by Ardis Bazyn
This year’s membership seminar, held Wednesday during ACB’s annual convention, focused on the theme of “Building Membership through Outreach and Communication.” It featured two panel discussions. The first panel talked about how using member incentives increases membership.
Zelda Gebhard, president of the North Dakota Association of the Blind, said incentives help with PR and recruitment. North Dakota allows members to join in October free and then pay dues in January. They give college scholarships. They invite all possible members to join by sending invitations to all past members and prospective members. Retention is high because of ongoing communication with members: newsletters, dial NDAB calls using Treebox, monthly calls, a week-long adult camp, email list, cards or calls on birthdays, a recreation retreat from Friday to Sunday (junior members can attend, as well as one driver, with those in attendance). Ten people are given $300 to attend national convention.
Leslie Spoone, co-chair of the auction committee, said Florida asks their regional Braille and Talking Book Library to send a letter FCB has written to those on the library’s mailing list. They have trivia night events and use the money to send people to state convention and a $1,300 grant for Lynx tickets for chapter meetings. The Florida Citizens with Low Vision chapter provides a scholarship to send members to national convention. The CCLVI book “Insights to Low Vision” can help local seniors losing sight.
Rebecca Bridges, chair of ACB’s Affiliate and Membership Action Team, mentioned book clubs, monthly or quarterly conference calls, trivia nights, and providing Northern Virginia chapter members with transportation refunds.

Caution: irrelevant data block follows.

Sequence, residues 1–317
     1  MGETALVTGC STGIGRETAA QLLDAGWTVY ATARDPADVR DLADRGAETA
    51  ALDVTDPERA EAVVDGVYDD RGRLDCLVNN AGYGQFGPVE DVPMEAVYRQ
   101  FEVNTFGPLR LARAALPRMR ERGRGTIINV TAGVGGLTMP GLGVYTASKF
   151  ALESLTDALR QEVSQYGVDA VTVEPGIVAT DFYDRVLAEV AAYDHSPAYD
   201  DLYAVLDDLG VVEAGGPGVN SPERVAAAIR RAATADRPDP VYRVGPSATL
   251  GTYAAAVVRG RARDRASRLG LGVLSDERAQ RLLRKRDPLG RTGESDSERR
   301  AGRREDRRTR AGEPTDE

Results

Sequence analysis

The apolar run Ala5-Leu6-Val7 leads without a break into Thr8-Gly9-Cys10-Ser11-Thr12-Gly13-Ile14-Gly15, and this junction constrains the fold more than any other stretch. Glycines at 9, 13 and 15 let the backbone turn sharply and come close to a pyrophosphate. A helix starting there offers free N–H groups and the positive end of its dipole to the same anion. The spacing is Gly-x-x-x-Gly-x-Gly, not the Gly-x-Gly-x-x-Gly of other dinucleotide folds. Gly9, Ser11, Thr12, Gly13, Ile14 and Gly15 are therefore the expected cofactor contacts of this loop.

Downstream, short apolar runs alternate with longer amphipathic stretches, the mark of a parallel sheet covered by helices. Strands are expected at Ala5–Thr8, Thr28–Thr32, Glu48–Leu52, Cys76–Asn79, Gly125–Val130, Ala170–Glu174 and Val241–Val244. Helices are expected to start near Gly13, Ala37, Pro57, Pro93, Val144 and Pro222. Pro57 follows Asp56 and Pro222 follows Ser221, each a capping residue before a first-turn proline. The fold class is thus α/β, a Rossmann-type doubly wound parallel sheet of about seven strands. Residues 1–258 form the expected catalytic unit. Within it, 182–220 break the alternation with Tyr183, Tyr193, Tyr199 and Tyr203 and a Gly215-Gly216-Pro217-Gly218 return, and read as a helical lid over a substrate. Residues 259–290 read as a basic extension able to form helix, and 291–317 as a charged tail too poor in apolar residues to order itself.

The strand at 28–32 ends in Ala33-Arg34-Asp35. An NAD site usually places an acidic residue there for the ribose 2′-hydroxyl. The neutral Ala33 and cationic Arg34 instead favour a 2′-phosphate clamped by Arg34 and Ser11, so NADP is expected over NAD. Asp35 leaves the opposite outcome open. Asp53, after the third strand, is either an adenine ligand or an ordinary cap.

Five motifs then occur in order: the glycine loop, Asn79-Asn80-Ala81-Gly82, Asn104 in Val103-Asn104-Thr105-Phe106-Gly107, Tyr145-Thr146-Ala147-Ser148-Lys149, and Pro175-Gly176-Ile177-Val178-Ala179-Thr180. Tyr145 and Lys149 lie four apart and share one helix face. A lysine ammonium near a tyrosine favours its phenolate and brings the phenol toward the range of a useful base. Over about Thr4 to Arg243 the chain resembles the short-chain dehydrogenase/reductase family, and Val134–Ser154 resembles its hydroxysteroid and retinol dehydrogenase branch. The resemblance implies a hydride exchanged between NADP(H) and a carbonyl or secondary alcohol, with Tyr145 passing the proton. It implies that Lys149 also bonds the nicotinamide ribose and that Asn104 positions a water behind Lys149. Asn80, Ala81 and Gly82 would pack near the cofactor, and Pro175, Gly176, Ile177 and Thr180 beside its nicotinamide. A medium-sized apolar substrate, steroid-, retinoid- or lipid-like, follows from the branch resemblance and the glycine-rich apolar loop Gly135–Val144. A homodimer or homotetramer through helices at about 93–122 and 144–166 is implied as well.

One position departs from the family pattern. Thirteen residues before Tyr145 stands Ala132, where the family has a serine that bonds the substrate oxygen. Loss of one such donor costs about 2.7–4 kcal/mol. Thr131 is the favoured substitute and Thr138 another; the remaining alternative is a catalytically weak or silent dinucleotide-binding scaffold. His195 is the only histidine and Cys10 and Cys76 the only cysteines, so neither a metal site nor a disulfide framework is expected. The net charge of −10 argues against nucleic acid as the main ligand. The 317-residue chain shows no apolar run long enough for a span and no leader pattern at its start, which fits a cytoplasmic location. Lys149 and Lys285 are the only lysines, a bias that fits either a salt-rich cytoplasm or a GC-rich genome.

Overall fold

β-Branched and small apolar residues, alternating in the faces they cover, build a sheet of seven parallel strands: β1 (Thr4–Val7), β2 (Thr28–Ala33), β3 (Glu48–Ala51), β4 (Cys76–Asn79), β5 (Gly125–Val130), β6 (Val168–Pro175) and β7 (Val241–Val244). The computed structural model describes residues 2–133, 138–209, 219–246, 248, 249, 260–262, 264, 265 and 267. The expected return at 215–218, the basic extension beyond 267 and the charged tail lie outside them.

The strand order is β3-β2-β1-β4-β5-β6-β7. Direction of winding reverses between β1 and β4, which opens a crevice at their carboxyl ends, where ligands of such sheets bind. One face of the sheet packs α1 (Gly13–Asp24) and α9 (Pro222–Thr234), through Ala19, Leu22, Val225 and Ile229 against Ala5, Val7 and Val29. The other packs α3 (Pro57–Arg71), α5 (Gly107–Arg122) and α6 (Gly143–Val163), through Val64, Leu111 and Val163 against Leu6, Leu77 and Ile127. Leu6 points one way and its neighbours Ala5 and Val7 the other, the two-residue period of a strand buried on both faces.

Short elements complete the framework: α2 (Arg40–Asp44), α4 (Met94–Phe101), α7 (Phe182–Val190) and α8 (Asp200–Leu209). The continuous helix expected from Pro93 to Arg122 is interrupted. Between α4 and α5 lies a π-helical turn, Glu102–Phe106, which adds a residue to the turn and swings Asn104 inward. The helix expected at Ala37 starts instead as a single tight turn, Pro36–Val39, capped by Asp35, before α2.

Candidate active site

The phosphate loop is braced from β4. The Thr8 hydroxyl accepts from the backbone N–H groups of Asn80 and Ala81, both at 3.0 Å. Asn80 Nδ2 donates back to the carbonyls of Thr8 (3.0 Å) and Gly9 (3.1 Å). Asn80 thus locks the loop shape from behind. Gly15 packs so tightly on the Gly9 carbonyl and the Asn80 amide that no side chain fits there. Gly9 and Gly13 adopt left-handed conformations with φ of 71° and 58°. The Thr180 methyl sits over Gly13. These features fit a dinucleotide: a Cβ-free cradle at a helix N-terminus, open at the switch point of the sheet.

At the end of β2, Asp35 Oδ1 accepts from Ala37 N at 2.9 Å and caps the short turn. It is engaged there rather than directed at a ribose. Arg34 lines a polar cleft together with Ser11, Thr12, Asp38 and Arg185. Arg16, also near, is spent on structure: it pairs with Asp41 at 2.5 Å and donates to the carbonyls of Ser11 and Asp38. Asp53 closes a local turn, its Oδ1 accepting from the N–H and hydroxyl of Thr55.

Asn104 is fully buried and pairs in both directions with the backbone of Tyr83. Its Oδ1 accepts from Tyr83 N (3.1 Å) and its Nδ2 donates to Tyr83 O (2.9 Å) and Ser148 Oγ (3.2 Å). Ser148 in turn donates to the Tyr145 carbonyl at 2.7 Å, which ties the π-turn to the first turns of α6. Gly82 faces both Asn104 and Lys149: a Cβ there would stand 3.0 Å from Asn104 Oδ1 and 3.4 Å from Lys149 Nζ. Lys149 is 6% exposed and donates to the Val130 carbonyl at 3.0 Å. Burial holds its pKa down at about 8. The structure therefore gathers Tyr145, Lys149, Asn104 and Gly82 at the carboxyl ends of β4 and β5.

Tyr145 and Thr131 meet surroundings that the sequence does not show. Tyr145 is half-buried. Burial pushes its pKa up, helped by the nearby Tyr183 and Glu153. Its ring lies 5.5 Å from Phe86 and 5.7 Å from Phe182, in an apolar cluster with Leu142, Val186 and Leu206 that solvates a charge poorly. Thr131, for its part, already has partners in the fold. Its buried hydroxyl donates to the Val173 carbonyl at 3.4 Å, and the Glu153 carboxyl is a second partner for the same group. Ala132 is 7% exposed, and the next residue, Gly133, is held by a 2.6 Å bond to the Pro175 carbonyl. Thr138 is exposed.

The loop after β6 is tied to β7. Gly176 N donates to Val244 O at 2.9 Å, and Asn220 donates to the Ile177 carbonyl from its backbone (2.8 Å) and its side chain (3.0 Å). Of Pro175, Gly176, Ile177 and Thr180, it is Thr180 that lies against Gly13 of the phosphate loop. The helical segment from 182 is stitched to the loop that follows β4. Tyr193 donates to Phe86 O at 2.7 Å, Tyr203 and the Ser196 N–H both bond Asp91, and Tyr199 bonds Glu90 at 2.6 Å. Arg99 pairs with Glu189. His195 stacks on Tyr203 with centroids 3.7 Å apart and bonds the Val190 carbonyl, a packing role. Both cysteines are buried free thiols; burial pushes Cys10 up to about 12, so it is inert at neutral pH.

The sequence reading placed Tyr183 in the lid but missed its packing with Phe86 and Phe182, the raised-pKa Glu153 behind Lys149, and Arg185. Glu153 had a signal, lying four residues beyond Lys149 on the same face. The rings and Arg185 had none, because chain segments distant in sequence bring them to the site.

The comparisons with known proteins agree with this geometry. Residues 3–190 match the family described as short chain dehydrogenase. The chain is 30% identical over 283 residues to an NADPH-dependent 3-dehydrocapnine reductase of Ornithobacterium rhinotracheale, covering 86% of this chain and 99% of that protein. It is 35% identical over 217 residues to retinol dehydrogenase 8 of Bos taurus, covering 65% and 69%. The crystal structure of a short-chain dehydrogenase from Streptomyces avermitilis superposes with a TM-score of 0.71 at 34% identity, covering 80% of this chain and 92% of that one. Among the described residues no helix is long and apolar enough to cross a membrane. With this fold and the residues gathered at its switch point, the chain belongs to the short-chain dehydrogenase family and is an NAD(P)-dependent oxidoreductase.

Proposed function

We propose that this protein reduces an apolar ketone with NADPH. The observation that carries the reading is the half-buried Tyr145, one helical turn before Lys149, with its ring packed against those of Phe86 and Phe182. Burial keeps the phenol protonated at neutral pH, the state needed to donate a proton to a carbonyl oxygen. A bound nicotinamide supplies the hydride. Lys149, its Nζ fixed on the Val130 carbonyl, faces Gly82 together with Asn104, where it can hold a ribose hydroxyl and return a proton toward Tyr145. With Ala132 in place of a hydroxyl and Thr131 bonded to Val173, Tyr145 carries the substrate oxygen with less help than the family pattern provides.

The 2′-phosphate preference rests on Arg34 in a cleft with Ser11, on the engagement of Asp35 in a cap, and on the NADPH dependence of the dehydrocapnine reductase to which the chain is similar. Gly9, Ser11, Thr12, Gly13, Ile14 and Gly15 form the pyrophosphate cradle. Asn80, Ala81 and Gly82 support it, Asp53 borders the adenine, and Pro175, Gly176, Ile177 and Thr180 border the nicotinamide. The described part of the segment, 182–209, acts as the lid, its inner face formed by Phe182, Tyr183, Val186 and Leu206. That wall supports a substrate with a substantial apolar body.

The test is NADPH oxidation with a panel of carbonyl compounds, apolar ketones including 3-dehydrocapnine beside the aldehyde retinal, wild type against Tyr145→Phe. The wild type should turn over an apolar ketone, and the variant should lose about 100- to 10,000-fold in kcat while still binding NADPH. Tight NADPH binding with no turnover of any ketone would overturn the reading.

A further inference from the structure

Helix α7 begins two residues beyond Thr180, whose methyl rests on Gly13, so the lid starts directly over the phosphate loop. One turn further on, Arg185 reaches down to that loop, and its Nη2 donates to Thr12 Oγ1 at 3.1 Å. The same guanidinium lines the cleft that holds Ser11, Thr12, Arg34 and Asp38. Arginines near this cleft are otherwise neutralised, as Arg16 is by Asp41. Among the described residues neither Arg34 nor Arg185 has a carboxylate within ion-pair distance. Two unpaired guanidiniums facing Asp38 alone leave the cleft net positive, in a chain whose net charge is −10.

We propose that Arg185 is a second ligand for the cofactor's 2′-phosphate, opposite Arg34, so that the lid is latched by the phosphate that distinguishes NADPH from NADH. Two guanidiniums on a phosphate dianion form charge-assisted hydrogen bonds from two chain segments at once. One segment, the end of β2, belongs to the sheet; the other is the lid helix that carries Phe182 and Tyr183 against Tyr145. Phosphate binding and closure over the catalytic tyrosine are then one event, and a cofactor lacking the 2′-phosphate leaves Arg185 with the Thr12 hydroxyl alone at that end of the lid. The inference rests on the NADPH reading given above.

How successful are incentives? Aira gave ACB members free Aira for a month and provided funds for ACB to offer discounts on hotel rooms for members. ACB also offered early registration for members. These efforts increased membership dues payments in early May.
The next panel focused on how to get your members actively involved in your activities. Minh Ha, president of American Council of Blind Students, told how ACBS made calls on Zoom about different topics. ACBS promoted these calls on email lists, on the leadership list, and on Facebook. ACBS members talked with last year’s convention attendees. They would ask them to join when meeting one-on-one and keep in contact often. ACBS also paid national dues for state chapters of ACBS. They use social media extensively. A student with a marketing major handles Facebook and Twitter. Minh said an ACBS mentor encouraged her to get involved.
Denise Colley, president of the Washington Council of the Blind, said WCB uses Zoom board meetings so members can attend. The newsletter now has co-editors with themed issues and new columns: health, book reviews, movie reviews, etc.
Carla Ruschival, treasurer of the Kentucky Council of the Blind, said KCB keeps in contact with members. They get 10 to 20 percent of members involved and assisting with activities. On Fridays, they have meetings called roundabouts where talks occur and many classes are held on braille, iPhone, notetakers, chess, family trees, pet care, and the new ID law. Every other week, they serve dinner at 6 p.m. and then play games: Bingo, Password, etc. Anyone can come, and there is no push for membership right away. A low-vision support group meets twice a month. They call members to remind them about the meetings.
This year’s winner of the Affiliate Growth Award was ACB Students, both for the largest number and largest percentage of new members. Handouts on membership benefits and program ideas for students and seniors were made available as well. If you would like a copy, contact Ardis Bazyn via email, firstname.lastname@example.org.